Twitter is like the crazy girlfriend: You like being with her because she’s hot but you really love telling your friends the crazy stories.
Seriously, what would we all blog about if it wasn’t for Twitter?
My favorite Philly area tech blogger, Regular Geek, has an interesting post on Twitter and Facebook. Status Updates Are Not Conversation | Regular Geek Robert was admittedly cranky when he wrote the post and I attribute this to the fact that I actually don’t agree with him for once.
His basic premise that Twitter status updates are not conversations is only partially true.
I completely agree that using Twitter and conversations as synonyms is just wrong. Robert sais, and many of his commenters agree, that Twitter is a horrible place to have a conversation. While I understand their POV, I disagree with it. I love the conversations I have on Twitter and watch people all day long have meaningful conversations and debates on every topic under the sun from music, politics, religion, business, technology, food, and thousands of other topics.
Is a single Tweet a conversation? No. Are multiple tweets between two or more people a conversation? Yes, absolutely.
Is Twitter an ideal place for a conversation? Depends on the conversation. Is a bar lounge an ideal place for a conversation? Depends on the conversation.
His annoyance with Twitter raising more money at such a large round is totally understandable. In fact I raised a similar concern. But scaling a company is expensive. Twitter was started by experienced serial entrepreneurs. It also has some extremely smart VC’s behind it. They have a view into the company that we don’t. We don’t know what Twitter or its investors are planning. I can only hope it’s something good. I want to see Twitter succeed as much as the next user does.
His other premise is that Facebook could put Twitter out of business if they really wanted to. He makes it sound like Facebook and Twitter are direct competitors. I don’t see this at all. Twitter has a very specific purpose, Facebook has a very different purpose. In my point of view this would be like saying MySpace and YouTube are competitors. Do they compete? Kind of. Will or could one put the other out of business? No way. There is more than enough room for multiple social platforms.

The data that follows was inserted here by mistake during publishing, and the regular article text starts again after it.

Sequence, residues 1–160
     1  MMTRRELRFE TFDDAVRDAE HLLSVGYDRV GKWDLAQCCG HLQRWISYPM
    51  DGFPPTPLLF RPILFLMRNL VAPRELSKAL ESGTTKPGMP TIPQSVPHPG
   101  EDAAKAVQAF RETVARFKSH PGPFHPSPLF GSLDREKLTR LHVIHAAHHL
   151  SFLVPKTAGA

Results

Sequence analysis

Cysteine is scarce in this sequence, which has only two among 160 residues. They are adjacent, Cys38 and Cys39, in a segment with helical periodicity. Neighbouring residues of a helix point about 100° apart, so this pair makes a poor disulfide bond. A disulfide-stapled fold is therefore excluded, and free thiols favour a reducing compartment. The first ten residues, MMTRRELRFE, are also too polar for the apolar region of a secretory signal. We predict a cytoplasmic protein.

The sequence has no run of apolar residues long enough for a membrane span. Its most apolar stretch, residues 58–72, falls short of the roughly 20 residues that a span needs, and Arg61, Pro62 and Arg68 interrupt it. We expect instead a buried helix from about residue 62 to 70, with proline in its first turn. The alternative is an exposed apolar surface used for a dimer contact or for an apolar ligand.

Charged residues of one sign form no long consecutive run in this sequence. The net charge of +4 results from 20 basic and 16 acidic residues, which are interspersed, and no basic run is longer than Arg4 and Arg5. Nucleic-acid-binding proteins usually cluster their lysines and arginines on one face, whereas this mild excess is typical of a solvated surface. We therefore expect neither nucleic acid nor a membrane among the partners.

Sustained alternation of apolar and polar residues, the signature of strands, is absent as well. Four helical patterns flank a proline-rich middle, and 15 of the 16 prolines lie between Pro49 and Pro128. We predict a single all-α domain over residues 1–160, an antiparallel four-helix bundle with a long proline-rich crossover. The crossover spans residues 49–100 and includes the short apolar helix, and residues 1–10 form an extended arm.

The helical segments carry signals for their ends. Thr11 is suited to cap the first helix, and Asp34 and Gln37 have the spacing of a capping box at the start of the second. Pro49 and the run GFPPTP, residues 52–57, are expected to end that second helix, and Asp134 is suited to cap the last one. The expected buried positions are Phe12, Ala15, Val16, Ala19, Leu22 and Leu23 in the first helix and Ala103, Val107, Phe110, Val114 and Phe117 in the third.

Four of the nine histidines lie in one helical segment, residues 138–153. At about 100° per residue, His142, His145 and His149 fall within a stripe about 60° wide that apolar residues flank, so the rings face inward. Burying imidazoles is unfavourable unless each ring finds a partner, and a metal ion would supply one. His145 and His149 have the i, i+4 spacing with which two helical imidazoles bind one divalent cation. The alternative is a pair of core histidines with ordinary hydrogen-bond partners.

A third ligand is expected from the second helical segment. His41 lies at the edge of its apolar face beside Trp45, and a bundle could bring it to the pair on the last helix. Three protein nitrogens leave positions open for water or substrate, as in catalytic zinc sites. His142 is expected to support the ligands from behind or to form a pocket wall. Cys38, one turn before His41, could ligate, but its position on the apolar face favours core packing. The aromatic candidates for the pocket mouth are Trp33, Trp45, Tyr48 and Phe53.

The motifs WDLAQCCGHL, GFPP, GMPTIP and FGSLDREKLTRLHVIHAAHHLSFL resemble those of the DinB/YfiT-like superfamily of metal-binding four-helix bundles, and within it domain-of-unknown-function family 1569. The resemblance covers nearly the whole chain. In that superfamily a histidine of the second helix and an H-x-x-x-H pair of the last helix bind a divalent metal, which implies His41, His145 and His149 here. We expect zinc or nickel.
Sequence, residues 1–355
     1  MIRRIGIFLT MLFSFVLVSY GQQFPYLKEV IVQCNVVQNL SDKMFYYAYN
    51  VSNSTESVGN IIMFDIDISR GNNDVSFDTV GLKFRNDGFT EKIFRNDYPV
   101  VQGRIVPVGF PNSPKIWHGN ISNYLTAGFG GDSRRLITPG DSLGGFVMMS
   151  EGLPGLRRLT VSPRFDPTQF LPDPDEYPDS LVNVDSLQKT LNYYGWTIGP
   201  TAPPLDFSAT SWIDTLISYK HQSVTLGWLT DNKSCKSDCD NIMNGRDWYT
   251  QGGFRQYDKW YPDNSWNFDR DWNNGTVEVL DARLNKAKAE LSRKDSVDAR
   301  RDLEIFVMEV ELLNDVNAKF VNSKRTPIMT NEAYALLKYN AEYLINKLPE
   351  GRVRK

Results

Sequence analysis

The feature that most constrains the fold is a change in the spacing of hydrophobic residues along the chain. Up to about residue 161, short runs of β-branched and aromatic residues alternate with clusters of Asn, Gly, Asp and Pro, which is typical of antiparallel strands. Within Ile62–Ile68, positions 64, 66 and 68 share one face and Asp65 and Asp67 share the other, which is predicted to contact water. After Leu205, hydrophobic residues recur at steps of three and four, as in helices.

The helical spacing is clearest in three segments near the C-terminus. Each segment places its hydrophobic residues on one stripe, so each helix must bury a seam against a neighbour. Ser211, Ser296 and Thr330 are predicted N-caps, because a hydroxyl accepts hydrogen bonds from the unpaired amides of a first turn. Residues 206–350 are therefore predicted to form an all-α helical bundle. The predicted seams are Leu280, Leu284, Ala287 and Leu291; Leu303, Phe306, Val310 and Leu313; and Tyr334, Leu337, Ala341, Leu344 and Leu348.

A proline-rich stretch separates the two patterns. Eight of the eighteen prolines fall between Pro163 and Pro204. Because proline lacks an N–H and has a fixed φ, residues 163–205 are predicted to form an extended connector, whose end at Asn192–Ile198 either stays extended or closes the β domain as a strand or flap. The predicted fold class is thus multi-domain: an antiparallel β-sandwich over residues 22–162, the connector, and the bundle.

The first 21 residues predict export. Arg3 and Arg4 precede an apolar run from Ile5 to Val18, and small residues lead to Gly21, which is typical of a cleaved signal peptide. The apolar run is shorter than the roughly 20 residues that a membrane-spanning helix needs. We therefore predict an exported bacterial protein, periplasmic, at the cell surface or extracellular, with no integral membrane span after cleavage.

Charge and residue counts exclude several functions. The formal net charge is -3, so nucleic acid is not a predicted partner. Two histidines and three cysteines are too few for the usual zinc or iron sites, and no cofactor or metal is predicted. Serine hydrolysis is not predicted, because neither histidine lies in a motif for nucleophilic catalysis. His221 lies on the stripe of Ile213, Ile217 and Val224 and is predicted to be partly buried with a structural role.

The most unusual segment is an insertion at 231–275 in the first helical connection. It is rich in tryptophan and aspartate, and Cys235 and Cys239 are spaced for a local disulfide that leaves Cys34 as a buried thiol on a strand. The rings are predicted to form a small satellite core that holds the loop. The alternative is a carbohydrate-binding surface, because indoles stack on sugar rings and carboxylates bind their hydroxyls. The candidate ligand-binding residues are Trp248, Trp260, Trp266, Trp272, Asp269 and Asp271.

Twiter has always taken the approach of pushing it’s information away from the site. Facebook has always taken a very different approach of capturing and keeping as much of it’s information as possible. I also don’t see Facebook as any better (or worse) of a place for conversations. He also encourages Twitter to take an acquisition offer from Facebook should they get one. They did get one. It was all for Facebook stock (which is way overvalued IMO) and I think they very rightly turned it down.
The truth of the matter is that I got bored with Facebook years ago. I actually never really got to into it. Some people love it. Some people love Twitter. While other people are aready bored with Twitter and have moved onto FriendFeed. Just like all businesses, there will be multiple players, some will dominate the market while others successfully serve niches. Either way it’s fun to watch and provides endless blog fodder.
I love Robert’s post on Regular Geek and normally agree with (almost) everything he writes. I highly recommend you subscribe to his blog if you haven’t already.
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